The mutual exclusivity of expressions of complementary pairs implies that, despite their many differences, in an actual experience (analogous to a particular experimental arrangement) there can never be a conflict between analytical psychology and physics. For example, consider the example “Crossing to Safety” from part 1 of this paper. Two mutually exclusive states of coconsciousness must be involved when considering the experience synchronistically versus scientifically. The different states of consciousness prohibit simultaneous intuition of transformative meaning in the inner and outer worlds and objective calculation of the car’s speed. Synchronicity requires an experience of the unity of psyche and matter while a scientific analysis requires the objectification of matter. More generally, in a given experience there can never be a conflict between science and the sacred or science and religion. Of course, doctrinal assertions made in retrospective reflection, outside of the actual experience, can strongly diverge. For example, a synchronicity pivots around the incarnation of transformative meaning while science denies the existence of such meaning. However, this divergence is an expression of the fundamental tension that always exists between members of complementarity pairs. Waves and particles, causal and acausal, or yin and yang will always be an opposition, but not in a given experimental setup or a particular experience.
Second, despite the great differences between members of a complementary pair, no one member is more important than its opposite nor can one member be reduced to another. There is thus no danger of having science, as it is presently known, absorb analytical psychology, in its present form, or vice versa. Despite their many differences, they have equal claims to reality.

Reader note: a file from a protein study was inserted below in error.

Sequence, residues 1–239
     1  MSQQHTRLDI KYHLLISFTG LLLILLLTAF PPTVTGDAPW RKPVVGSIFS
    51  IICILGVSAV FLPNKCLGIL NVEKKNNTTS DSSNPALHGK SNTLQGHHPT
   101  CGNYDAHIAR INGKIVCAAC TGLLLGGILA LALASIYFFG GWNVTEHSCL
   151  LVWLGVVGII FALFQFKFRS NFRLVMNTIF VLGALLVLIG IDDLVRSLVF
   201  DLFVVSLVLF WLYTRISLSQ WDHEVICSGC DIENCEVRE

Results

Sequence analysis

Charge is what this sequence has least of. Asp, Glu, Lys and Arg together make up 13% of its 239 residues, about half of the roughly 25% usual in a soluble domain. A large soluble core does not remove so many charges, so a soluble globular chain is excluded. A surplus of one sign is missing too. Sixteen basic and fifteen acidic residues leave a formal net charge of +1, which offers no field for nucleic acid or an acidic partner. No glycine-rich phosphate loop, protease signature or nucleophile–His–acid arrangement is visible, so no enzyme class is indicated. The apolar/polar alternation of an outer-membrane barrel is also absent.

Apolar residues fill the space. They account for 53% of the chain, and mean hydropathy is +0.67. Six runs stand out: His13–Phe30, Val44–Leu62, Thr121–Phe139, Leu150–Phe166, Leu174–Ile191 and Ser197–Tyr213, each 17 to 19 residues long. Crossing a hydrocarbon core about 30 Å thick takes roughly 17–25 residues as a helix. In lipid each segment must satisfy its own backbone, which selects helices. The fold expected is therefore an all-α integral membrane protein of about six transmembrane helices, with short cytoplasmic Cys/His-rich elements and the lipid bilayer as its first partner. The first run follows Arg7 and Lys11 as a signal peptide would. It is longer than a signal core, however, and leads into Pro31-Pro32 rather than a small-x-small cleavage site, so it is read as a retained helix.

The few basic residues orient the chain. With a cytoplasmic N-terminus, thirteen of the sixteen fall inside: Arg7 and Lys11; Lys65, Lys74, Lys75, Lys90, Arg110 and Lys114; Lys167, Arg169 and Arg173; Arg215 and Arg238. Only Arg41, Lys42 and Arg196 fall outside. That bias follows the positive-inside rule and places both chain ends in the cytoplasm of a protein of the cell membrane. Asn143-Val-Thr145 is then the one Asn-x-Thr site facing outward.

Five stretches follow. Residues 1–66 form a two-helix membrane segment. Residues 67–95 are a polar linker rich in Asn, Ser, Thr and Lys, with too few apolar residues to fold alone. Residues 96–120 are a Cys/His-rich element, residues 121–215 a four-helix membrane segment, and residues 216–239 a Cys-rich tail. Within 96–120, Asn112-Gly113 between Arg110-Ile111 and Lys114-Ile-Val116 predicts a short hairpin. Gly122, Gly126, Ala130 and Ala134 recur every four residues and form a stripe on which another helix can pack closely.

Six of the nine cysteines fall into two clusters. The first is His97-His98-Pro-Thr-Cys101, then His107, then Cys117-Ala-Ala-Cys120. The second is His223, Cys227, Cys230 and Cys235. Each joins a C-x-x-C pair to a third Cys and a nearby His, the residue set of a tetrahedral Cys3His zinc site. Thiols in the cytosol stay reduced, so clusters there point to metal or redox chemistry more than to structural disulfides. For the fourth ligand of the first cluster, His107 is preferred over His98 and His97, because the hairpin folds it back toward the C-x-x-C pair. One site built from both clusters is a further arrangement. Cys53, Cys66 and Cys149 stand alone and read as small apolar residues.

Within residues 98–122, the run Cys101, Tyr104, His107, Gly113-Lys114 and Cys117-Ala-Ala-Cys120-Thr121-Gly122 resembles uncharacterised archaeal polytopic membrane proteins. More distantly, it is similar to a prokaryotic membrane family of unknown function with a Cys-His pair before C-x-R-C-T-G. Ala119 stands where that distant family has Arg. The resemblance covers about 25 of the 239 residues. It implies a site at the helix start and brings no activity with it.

Third, the unity that resolves the complementary opposites transcends the realm in which the opposites manifest. The mathematical formalism of quantum mechanics, done in the usual infinite-dimensional complex Hilbert Space, is on an entirely different ontological level from any expression of complementary opposites in the laboratory. What of the unity that underlies both science and analytical psychology? von Franz (1975, p. 247) tells us that
The most essential and certainly the most impressive thing about synchronicity occurrences . . . is the fact that in them the duality of soul and matter seems to be eliminated. They are therefore an empirical indication of an ultimate unity of all existence, which Jung, using the terminology of medieval natural philosophy, called the Unus Mundus.
A unity that “eliminates” the duality of soul and matter and is the “ultimate unity of all existence” must be a principle logically prior to the division between subject and object and all phenomenal manifestation. Since discursive language must always objectify its referent, we know that such an indivisible unity is more encompassing than either the psyche or matter. For this reason the unity spoken about by mystics, whether the Unus Mundus or Brahman, must be ineffable, incapable of becoming objectified as ordinary knowledge, whether psychological or scientific. Thus, it cannot be grasped through image. This is not comfortable ground for modern minds so deeply influenced by the Cartesian logic of science. Nevertheless, such a unity encompassing both analytical psychology and science is the goal of all religious and mystical traditions.